This time Russia formally recognized Abkhazia’s independence and began to invest in its economy and infrastructure.
In August, Russian President Vladimir Putin visited Abkhazia and promised to maintain Russian support for its independence from Georgia. But it is not recognized by many countries.
Sahrawi Arab Democratic Republic (Western Sahara)
In 1975, after the death of Spanish dictator Francisco Franco, the Moroccans took advantage of Madrid’s weakness and sent thousands of its citizens south, across the border into what had been the Spanish Sahara.
It was known as the “Green March,” and it enabled King Hassan II to effectively annex the huge desert territory even before the Spanish had formally announced they were leaving or granting it independence.
But the indigenous people of the area, the Sahrawis, resented Moroccan rule just as much as they had resented Spanish occupation.
The Polisario Front fought a long guerrilla war against the Moroccans, which ended in a ceasefire in 1991.
Morocco continues to rule the Western Sahara but the Polisario Front has declared a Sahrawi Arab Democratic Republic (SADR), which rules a strip of land in the east, along the border with Mauritania.
The SADR is recognized by Algeria, Mauritania, Iran, Mexico, South Africa and a number of other African countries, but diplomatic pressure from Morocco has prevented the US, Russia, China, Britain or France recognizing it.
Another consequence of the collapse of the Soviet Union was the war between Armenia and Azerbaijan over the Nagorno-Karabakh region.
Nagorno-Karabakh was an enclave in Azerbaijan with an overwhelmingly Armenian population.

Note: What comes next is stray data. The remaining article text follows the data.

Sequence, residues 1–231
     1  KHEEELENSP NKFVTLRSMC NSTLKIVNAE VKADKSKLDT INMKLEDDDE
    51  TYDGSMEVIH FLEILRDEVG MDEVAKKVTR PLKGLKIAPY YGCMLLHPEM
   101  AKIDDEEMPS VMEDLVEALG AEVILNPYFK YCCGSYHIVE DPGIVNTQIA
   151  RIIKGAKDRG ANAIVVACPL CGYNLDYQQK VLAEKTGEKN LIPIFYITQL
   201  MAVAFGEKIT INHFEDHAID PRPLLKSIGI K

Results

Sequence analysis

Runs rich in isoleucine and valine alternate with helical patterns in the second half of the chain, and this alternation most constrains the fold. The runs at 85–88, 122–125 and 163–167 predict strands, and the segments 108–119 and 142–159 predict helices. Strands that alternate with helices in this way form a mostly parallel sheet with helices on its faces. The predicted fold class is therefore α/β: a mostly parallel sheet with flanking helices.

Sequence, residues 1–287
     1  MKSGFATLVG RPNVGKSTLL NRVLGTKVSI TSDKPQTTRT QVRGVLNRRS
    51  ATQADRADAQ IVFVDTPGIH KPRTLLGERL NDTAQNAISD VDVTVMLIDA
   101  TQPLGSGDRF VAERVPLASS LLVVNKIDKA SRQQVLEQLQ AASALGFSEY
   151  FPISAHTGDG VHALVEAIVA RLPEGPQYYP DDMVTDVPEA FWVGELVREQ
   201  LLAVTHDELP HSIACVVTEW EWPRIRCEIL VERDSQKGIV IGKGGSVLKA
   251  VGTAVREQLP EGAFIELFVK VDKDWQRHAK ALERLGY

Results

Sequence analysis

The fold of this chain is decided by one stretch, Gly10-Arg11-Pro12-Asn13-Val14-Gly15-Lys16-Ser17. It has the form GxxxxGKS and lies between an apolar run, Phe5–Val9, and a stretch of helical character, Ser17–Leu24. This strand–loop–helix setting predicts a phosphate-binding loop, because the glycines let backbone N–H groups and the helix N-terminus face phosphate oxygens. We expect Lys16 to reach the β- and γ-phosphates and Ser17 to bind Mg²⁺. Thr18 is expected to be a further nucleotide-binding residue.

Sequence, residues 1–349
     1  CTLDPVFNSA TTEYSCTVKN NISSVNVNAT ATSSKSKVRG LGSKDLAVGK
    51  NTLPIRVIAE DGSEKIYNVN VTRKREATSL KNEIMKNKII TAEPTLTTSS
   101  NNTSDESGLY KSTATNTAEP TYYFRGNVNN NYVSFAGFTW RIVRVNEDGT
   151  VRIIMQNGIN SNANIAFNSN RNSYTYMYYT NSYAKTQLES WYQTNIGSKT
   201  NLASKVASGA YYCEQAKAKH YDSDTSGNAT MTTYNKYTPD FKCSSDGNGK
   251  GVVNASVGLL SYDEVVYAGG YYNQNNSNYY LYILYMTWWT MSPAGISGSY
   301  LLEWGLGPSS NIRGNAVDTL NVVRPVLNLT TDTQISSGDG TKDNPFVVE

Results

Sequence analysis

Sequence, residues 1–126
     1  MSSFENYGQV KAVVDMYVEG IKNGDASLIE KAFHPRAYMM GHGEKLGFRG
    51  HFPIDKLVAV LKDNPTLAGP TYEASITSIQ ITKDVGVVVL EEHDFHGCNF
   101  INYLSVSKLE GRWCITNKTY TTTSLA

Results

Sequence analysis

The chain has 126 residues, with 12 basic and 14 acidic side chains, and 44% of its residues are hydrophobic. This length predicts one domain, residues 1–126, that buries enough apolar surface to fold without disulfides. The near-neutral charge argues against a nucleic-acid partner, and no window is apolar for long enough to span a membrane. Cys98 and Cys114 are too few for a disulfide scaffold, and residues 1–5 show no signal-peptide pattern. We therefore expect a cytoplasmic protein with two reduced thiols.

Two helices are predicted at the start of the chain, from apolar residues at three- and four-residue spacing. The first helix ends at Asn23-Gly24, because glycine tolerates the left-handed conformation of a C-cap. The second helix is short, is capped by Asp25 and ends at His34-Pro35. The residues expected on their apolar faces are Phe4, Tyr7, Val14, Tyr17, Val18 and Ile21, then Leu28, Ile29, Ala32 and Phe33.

When Azerbaijan declared its independence in 1991, Nagorno-Karabakh sought to break away and got the backing of its ethnic brothers in neighboring Armenia.
After a brief but bloody conflict in 1994, Nagorno-Karabakh remained in Armenian hands, as did a strip of territory which “united” it with Armenia.
In 2016 fresh violence erupted in Nagorno-Karabakh with the Azeris accused of trying to invade. After multiple casualties the two sides signed a Russian-brokered ceasefire.
The Armenians have threatened to recognize the independence of Nagorno-Karabakh, which earlier this year changed its name to Artsakh.
Probably the most successful of the nations to declare independence in recent years has been Kosovo, partly for geopolitical reasons.
For years Kosovo had been part of Serbia, but when Yugoslavia collapsed in the early 1990s the ethnic Albanian majority in Kosovo began pulling at Belgrade’s chains.
The area had huge cultural significance for the Serbs because in 1389 an army led by Prince Lazar Hrebeljanovic suffered horrific casualties during a grisly battle with the invading Ottoman Turks.
By 1990 the ethnic Serbs were a minority in Kosovo and the rebel Kosovo Liberation Army (KLA) took up arms and was supported by the West, which bombed Belgrade before allowing a de facto Kosovan state to be set up.
In 2008, Kosovo formally declared independence and was swiftly recognized by several western nations.
Serbia, Russia and several other countries continue to withhold recognition.
The Kosovan President recently asked Albania to give Kosovans citizenship, echoing fears many Serbs have that the ultimate plan is to create a Greater Albania.